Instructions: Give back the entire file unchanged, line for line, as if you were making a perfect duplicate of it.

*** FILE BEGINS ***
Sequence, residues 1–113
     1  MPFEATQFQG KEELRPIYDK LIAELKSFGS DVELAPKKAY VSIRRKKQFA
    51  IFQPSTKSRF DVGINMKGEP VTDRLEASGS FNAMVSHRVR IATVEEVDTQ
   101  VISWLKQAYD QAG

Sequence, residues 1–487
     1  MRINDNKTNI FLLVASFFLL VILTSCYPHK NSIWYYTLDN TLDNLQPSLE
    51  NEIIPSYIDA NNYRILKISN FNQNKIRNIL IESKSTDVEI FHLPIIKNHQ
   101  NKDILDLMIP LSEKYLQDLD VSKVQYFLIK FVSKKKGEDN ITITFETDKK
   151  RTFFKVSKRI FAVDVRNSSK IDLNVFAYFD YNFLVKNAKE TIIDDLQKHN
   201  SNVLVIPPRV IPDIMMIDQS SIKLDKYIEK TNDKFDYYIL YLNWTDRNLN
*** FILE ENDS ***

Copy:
Sequence, residues 1–113
     1  MPFEATQFQG KEELRPIYDK LIAELKSFGS DVELAPKKAY VSIRRKKQFA
    51  IFQPSTKSRF DVGINMKGEP VTDRLEASGS FNAMVSHRVR IATVEEVDTQ
   101  VISWLKQAYD QAG

Sequence, residues 1–487
     1  MRINDNKTNI FLLVASFFLL VILTSCYPHK NSIWYYTLDN TLDNLQPSLE
    51  NEIIPSYIDA NNYRILKISN FNQNKIRNIL IESKSTDVEI FHLPIIKNHQ
   101  NKDILDLMIP LSEKYLQDLD VSKVQYFLIK FVSKKKGEDN ITITFETDKK
   151  RTFFKVSKRI FAVDVRNSSK IDLNVFAYFD YNFLVKNAKE TIIDDLQKHN
   201  SNVLVIPPRV IPDIMMIDQS SIKLDKYIEK TNDKFDYYIL YLNWTDRNLN